Burden of respiratory syncytial virus infection in community-dwelling older adults in Europe (RESCEU): an international prospective cohort study.
Korsten K., Adriaenssens N., Coenen S., Butler C., Ravanfar B., Rutter H., Allen J., Falsey A., Pirçon J-Y., Gruselle O., Pavot V., Vernhes C., Balla-Jhagjhoorsingh S., Öner D., Ispas G., Aerssens J., Shinde V., Verheij T., Bont L., Wildenbeest J., RESCEU investigators None.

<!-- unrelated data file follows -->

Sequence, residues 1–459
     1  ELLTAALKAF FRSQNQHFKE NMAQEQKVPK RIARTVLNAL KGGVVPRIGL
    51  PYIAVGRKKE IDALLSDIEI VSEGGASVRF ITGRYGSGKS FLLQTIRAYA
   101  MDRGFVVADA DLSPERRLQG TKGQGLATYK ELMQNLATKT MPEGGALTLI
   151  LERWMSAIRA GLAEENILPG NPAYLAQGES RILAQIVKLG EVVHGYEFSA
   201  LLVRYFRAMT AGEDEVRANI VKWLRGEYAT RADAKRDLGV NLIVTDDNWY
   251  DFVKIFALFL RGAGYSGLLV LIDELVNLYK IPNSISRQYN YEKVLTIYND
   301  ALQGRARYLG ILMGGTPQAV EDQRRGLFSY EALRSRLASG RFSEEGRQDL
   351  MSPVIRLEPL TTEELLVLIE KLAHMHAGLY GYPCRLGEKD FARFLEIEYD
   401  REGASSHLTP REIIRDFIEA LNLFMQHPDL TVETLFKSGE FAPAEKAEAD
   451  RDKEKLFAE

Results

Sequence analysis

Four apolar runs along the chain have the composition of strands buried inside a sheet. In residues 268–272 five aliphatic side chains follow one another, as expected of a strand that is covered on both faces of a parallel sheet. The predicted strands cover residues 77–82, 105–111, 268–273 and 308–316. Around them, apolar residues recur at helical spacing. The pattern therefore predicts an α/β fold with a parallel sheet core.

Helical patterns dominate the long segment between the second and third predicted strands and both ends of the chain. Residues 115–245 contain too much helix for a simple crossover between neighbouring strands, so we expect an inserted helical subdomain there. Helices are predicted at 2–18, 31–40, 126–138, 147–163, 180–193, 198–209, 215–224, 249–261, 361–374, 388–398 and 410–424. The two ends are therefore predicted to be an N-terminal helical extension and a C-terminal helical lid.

BackgroundRespiratory syncytial virus (RSV) infection in older adults is recognised as an important health issue. We aimed to assess the community burden of RSV in Europe in older adults aged ≥60 years.MethodsThis international, prospective, observational cohort study is part of work by the REspiratory Syncytial virus Consortium in EUrope (RESCEU). Participants were recruited through general practitioners' (GPs) offices before two independent RSV seasons. Participants reported weekly about symptoms of acute respiratory tract infection (ARTI) during one RSV season. ARTI patients were tested for RSV during home visits and completed a daily symptom diary. RSV illness included PCR-confirmed ARTI and those showing seroconversion over the season. RSV ARTI was based on PCR alone (ClinicalTrials.gov, NCT03621930).ResultsWe recruited 1040 participants (527 in season 2017-2018 and 513 in season 2018-2019) with a median age of 75 years (range 60-100 years). Of these, 1023 (99%) lived independently at home at baseline. RSV illness incidence was 22 out of 527 (4.2%) and 37 out of 513 (7.2%) in the respective seasons. RSV illness did not affect frailty or cardiopulmonary status during the course of the study. No patients were hospitalised or died from RSV illness. In the 36 patients with PCR confirmed RSV ARTI, symptom duration averaged 19 days, while a doctor's visit took place in 11 out of 36 cases (31%). RSV ARTI could not be differentiated clinically from all other ARTIs based on symptoms.ConclusionThis European study showed that RSV is prevalent in community-dwelling older adults and rarely causes severe disease. This suggests that watchful waiting, using a continuity of care approach to identify those who do need more intensive care, is often justified when RSV is suspected in family practice.